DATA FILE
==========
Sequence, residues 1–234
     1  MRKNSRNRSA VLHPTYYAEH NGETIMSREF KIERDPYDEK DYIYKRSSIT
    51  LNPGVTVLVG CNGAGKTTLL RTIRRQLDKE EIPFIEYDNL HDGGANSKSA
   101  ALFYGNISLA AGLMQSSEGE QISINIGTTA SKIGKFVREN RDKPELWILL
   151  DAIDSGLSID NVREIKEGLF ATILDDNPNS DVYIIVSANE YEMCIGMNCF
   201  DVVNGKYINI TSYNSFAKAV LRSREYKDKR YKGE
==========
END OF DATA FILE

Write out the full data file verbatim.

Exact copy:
Sequence, residues 1–234
     1  MRKNSRNRSA VLHPTYYAEH NGETIMSREF KIERDPYDEK DYIYKRSSIT
    51  LNPGVTVLVG CNGAGKTTLL RTIRRQLDKE EIPFIEYDNL HDGGANSKSA
   101  ALFYGNISLA AGLMQSSEGE QISINIGTTA SKIGKFVREN RDKPELWILL
   151  DAIDSGLSID NVREIKEGLF ATILDDNPNS DVYIIVSANE YEMCIGMNCF
   201  DVVNGKYINI TSYNSFAKAV LRSREYKDKR YKGE